COP staff braved all the elements in Olympia this week – snow, torrential rain, and wind – during our trips to the state Capitol.
On Tuesday nearly 200 high school and college students from public and private four and two-year colleges and universities descended on Olympia from around the state to advocate for increased funding for the State Need Grant. Currently, nearly 24,000 students qualify for but do not receive the grant due to a lack of available funding. Nearly 10,000 of those students attend one of the public four-year institutions. This can result in increased time to degree and larger debt loads upon graduation. Fully funding the State Need Grant is also a component of our Washington Competes agenda as well a 2017 legislative priority for the Washington Student Achievement Council.
On Wednesday COP joined our partners in welcoming new WSAC Executive Director Michael Meotti and thanked OSPI representative Gil Mendoza for his outstanding service as a member of the Council. During the meeting the Council received an update from OFM Director David Schumacher on Governor Inslee’s 2017-19 operating and capital budget proposals.
On Thursday COP Executive Director Paul Francis, UW Police Chief John Vinson, SBCTC Director of Student Services Joe Holliday, and UW Deputy Title IX/ADA Coordinator Amanda Paye presented on the 18-month effort of the Campus Sexual Violence Prevention Task Force to members of the Senate Higher Education Committee. Details on the Task Force’s work are available at: http://www.councilofpresidents.org/safewacampus.html.
COP staff also continues to testify on a number of important pieces of legislation in both House and Senate committees.
Next Friday, February 17 is the deadline for bills to pass out of their respective policy committees. Therefore, policy committees will be extremely active with executive action sessions. The House Higher Education Committee will also hear legislation related to the disciplinary process at private institutions of higher education. The Senate Higher Education Committee will take up legislation related to campus sexual violence, eligibility for the State Need Grant program, and student veterans.
Fiscal committee agendas are also filling up given the quickly the approaching deadline for bills to pass out of their respective fiscal committees.
This week groundhog Punxsutawney Phil saw his shadow, which, according to legend, signifies six more weeks of winter. Fortunately, we were blessed with some beautiful sunny days in Olympia this week during the fourth week of the 2017 legislative session.
In addition to testimony on legislation related to student textbooks and Advanced Placement exam credit, COP staff helped to organize a number of work sessions this week on textbooks, faculty workload, and student housing costs. Work sessions provide a terrific opportunity for policymakers and staff to learn more about how we serve students and strive to fulfill our missions as public colleges and universities.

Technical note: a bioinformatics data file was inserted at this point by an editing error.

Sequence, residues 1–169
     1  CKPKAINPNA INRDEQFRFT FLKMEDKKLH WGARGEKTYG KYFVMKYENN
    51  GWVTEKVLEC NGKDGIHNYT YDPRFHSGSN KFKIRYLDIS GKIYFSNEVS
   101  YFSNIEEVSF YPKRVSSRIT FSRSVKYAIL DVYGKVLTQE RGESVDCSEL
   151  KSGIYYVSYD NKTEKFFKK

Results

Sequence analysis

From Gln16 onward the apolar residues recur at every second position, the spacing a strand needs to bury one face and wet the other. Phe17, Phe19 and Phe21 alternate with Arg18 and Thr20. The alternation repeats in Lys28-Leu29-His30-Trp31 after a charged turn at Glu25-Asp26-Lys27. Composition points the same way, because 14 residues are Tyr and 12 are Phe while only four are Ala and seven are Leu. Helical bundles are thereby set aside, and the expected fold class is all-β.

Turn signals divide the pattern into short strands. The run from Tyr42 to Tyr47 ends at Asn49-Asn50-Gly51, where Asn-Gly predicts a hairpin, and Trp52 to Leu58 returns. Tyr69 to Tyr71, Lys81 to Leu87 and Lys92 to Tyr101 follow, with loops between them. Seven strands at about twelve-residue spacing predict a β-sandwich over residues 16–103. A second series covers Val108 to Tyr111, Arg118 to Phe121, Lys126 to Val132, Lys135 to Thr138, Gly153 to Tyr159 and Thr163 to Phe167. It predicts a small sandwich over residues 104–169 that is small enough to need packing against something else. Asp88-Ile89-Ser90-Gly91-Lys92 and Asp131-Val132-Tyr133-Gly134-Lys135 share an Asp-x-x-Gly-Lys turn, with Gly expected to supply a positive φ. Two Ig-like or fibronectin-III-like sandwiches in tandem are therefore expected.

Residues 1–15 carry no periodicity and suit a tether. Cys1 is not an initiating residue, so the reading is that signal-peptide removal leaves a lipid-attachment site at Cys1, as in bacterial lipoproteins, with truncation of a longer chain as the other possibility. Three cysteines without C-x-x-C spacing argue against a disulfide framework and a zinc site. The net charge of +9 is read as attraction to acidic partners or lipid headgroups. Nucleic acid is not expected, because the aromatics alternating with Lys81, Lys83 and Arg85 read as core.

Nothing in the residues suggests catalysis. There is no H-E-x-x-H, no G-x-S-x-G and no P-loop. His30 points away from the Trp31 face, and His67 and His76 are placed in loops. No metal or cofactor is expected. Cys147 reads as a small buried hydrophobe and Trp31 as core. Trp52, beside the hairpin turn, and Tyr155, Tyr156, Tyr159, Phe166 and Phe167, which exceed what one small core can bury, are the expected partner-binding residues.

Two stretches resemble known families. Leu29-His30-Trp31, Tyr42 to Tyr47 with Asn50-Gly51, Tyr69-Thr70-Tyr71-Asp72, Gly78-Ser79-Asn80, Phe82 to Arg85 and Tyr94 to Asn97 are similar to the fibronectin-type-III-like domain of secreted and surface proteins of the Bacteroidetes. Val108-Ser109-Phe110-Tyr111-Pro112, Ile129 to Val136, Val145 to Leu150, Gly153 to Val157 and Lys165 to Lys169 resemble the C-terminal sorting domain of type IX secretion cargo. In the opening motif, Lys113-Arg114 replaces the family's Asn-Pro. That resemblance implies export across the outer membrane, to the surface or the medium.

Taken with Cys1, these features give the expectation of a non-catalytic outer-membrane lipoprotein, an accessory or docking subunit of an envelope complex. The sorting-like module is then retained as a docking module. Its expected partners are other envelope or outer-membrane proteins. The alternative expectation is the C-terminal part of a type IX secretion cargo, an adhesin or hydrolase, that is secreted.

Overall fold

We’re very proud to work with some outstanding faculty and student representatives in Olympia. This past Wednesday we came together to discuss how we can continue to collaborate on efforts to lower textbook costs, expand student financial aid, and more. We will continue to regularly connect with our student and faculty colleagues throughout session and beyond.
We were extremely pleased to welcome more than 30 public four-year and community and technical college trustees to Olympia yesterday for Regents and Trustees Days. Regents and trustees met with approximately 25 legislators from both parties as well as some of our statewide elected officials to discuss how policymakers can continue to expand opportunities for all Washingtonians to access postsecondary education and help to grow our economy. Of particular focus were the 24,000 eligible but unserved students who qualify for the State Need Grant. We know from past research that student financial aid helps to lower a student’s debt load as well as help move students toward a credential in a timely manner. These meetings also gave regents and trustees the opportunity to highlight our 2017 shared higher education agenda, Washington Competes.
Committee hearings will ramp up next week as we approach the first cutoff for policy bills to be passed out of their committee of origin. The House Higher Education Committee will hear bills related to mental health and suicide, services and activities fees, student support services, and student financial aid. The Senate Higher Education Committee will hold a work session on the Mathematics, Engineering, and Science Achievement (MESA) Program as well as receive an updated on the Campus Sexual Violence Prevention Task Force staffed by COP. Stay tuned!